Home Business News British and Estonian troops are ‘not prepared’ for Russian invasion and are worried over potential conflict

British and Estonian troops are ‘not prepared’ for Russian invasion and are worried over potential conflict

by LLB Politics Reporter
9th Feb 22 2:25 pm

As more than 125,000 Russian troops and military hardware including fighter jets that can carry nuclear weapons it has been revealed that British and Estonian troops are “not prepared” for an attack.

Russia has amassed ten of thousands of troops on the Ukrainian border, Crimea and in Belarus and has also moved 140 warships carrying 10,000 soldiers across several oceans including the Mediterranean Sea.

According to European news outlet Heraldo the Russian ships started crossing the Strait of Gibraltar on Tuesday to prepare for military exercises.

Reports have come in from Estonia which is a NATO member state that troops are now worried over a potential war.

Estonian Sergeant Karlis Sootalu warned a Sky News reporter over the “threat” Russia imposes.

He told Sky News, “It’s a threat but we do our job like we always do.

“It is good to have our allies here.”

An Estonian government source has revealed that, despite receiving aid from NATO, they are not prepared for a Russian invasion.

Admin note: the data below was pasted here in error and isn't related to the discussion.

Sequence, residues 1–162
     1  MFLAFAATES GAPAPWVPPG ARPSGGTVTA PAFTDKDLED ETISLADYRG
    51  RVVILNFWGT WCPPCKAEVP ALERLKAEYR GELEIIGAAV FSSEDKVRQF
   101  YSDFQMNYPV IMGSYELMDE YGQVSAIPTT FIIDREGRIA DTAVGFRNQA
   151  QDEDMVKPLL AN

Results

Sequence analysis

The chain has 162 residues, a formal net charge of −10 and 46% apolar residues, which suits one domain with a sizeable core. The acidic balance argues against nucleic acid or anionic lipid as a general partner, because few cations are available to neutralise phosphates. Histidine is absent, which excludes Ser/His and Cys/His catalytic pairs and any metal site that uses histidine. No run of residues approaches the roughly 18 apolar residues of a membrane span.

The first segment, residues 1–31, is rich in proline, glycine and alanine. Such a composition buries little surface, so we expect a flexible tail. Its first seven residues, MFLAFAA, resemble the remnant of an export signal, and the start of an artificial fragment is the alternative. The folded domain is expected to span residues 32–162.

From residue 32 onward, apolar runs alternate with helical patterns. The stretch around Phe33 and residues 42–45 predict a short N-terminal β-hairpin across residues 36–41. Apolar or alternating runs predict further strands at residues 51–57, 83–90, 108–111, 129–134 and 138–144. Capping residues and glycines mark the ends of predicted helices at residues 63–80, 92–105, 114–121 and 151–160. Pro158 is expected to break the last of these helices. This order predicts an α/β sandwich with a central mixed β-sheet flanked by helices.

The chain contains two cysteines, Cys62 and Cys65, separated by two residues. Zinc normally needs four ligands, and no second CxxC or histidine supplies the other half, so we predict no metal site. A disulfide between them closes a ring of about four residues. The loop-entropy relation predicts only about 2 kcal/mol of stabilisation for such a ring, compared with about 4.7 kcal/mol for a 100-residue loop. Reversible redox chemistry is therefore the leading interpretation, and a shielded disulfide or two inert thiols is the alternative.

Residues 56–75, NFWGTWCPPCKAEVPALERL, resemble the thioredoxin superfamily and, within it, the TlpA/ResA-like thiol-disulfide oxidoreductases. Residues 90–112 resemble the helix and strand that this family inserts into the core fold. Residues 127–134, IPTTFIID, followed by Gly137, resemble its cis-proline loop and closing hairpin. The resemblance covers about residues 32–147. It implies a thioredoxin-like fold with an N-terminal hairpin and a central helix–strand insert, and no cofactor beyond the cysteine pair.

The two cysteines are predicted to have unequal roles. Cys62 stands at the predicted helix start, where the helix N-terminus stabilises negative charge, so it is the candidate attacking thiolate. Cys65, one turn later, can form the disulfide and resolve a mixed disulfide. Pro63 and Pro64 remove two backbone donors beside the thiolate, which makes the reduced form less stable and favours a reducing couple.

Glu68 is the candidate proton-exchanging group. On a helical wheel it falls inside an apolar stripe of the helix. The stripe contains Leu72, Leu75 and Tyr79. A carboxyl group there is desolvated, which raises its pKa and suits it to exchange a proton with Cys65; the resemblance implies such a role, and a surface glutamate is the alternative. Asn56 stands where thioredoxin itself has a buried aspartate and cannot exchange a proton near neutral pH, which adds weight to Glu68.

In a grim warning the government source told Sky News, “If Russian troops move, we are not prepared.”

Russia now has a permanent base close to the Ukrainian border with thousands of troops and they are taking part in military drills near the border and more units have travelled almost 4,000 miles from the Russian Far East.

The Estonian Ministry of Defence’s permanent secretary, told Sky News that 15,000 Russian troops are in Belarus which could double.

He warned that if the situation continues then there must be a “dramatic change” from NATO which could mean that thousands of more troops, warships and fighter jets being sent to the region.

A government source told the broadcaster that Vladimir Putin is aiming at “dividing and dismantling NATO is part of Russia’s bigger picture.”

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